I just finally got a decent audio interface (M-Audio MTrack) and now I'm trying to figure out how to make nice sounds with the virtual amps in Logic, and Amplitube LE.

I figure now I have creative freedom to modify the sound of the guitar at any time in DAW, and that's pretty cool, but I still want it to sound authentic, so I'd like to start by recreating the presets from my Fender Mustang 1 amp. Now, that's a digital amp, so I see no reason I can't faithfully recreate them in Logic or Amplitube LE. The settings are Metal 2000, and American 90s.

Here is a sample of the kinda tone I'd like to recreate as a base. This is a whole song, so skip down if you just want shorter things

Shorter things:

Rhy and Main guitars, no post effects (There might be effects, but the amp added them and I don't know what they are, disabled all the ones in Logic though) With these, I just plugged the headphone jack of my amp into my computer's line in port.


New Interface Tests: Change settings multiple times throughout (Using the Logic Presets which apply multiple plugins, using the new set-up. Start with absolutely no settings so you can hear it raw. Everything sounds worse somehow.


Also, for some reason, it sounds like even when the gain on the interface is turned all the way down, whenever I hit the low E string too hard, it sounds too loud and actually audibly CLIPS. Whats going on there?

Heres what I do:

  • Plug electric guitar straight into interface, no amp
  • Phantom power: Off, Input switch: Guitar
  • Gain and all knobs turned all the way down

Most of the time, the level meter on the interface stays around -20db, in the green, but the low E (in a chord) just sounds like clipping.

In the past I only used the volume pot of my guitar for tone, and it never made much difference unless it was lower than 3, but now, do I have to adjust it accordingly to actually control the recording volume??

Thanks, I'm new to all this. Excited though, I can definitely hear an increase in clarity and volume.

  • 2
    Most amp sims are only good at simulating a few amps. For example, the Fender Sims (Mustang Amps/Floor pedal) are very good at most Fender sounds. The Vox Sims are good at Vox sounds (Tonelab series of hardware/software) The rest of the simulations are average at best and take a lot of work to get a good sound. Expect to have to tune everything. The input levels from the interface, the sound shaping controls on the amp, the post processing tools all interact to make a big complicated pile... It gets easier as you get experienced with your tools. Find 1 or 2 you like and stick with them.
    – JimR
    Commented Sep 9, 2013 at 14:29
  • Note the the clipping may be a limiter kicking in either pre or post effects (not part of the normal chain). IIRC Amplitube has limiting enabled by default.
    – horatio
    Commented Oct 22, 2013 at 21:30
  • 1
    If you talk to serious professionals, there is no substitute for the real amp and guitar, e.g. strat with a real Fender 1965 Black Face Super Reverb, or an original Les Paul with an original Marshall Plexi. I have heard most of the simulators out there and I agree with the pros.
    – filzilla
    Commented Jan 24, 2014 at 0:31

2 Answers 2


You shouldnt need it since you're using a good enough interface, but try installing a plugin like Asio4All, it is used to improve the latency but i find it helping with issues as the said low E clipping.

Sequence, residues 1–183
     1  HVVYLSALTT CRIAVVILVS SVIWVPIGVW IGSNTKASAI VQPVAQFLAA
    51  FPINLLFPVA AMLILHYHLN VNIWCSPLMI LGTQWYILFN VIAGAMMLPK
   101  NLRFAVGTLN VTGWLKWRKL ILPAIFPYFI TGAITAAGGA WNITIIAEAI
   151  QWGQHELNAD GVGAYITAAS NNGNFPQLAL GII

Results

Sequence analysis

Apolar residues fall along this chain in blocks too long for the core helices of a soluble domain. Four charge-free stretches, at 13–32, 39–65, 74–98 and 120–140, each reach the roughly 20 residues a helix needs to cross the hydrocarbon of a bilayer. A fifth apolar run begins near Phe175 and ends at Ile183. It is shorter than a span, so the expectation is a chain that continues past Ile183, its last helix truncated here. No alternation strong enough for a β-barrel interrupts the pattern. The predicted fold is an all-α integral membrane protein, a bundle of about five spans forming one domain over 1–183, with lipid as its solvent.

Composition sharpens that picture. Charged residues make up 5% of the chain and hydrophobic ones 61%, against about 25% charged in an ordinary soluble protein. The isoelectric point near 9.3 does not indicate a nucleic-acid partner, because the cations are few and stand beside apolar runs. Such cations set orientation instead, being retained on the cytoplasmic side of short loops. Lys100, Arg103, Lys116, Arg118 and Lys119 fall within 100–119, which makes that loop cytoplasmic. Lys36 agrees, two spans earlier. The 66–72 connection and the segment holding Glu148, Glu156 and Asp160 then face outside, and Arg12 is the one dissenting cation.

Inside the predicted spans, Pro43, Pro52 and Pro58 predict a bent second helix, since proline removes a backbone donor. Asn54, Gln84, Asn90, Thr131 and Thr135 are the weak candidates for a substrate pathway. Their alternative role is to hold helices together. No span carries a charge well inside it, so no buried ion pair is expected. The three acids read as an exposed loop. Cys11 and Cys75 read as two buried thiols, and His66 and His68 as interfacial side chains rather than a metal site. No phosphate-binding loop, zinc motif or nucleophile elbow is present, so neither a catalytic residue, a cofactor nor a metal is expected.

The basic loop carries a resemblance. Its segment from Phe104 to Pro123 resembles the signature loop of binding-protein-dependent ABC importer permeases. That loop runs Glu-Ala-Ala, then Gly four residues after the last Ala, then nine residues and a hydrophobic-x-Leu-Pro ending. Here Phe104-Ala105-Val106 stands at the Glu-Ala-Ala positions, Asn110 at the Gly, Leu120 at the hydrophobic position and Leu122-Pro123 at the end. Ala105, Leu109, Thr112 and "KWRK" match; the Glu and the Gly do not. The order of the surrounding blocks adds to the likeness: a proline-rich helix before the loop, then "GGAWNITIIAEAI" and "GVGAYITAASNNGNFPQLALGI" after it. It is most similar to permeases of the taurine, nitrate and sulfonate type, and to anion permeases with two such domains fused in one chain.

I cant really tell because i didn't test the system myself, but it could be something related to the processing capability of your PC.

Also, how are you connecting the interface to the pc? im assuming you're using a USB or Firewire connection, if you're not, if you're connecting the line out of the interface to the line in of the pc, its just like you're using the interface as a preamp, so it will do nothing to those issues...

If none of this applies, try tweaking the settings in the control panel for the soundcard and see if your OS is actually recognising the interface as a soundcard, it should.

As a last resort, try restarting the pc with the interface connected and turned on, in some versions of windows, and possibly other os's, it will recognize it as the main soundcard, note that you will not have sound coming from the inbuilt soundcard though.

Hope this helped, cheers


I don't want this to come off as too audiophile-y but if you are going for true simulation (trying to sound as authentic as possible) then I doubt that the pre-amps on the MTrack are going to cut it. That is the unfortunate thing about interfaces -- basically if they have a gain knob, you are hitting a pre-amp circuit.

A much better alternative is to use only the Analog Digital Converters of an interface. If the interface has a "line-in" option with no gain control, that is usually what corresponds to ADC only (rather then preamp, then ADC). If there is no pre-amp circuit, the signal is literally just digitized into your computer and reproduction is solely dependent on the quality of the converters, not any additional pre-amps.

However, the signal coming from a guitar is much lower than line-level, which is why many players/engineers opt to use a DI box. It essentially boosts the signal much in the way that a pre-amp would, but most are designed as a fixed-gain level boost rather than an adjustable gain pre-amp and special design considerations are taken to avoid coloration of the signal. That said, there are many professional DI boxes that provide a lot of color and in the bass world (as well as guitar, sometimes) output from DI boxes is often used in the mix without an actual amp or simulator since their output tones can be very high quality.

I'm sorry for not addressing the other issues in your question but trust me getting a hi-quality signal into your software early on will save you years of headaches. :)

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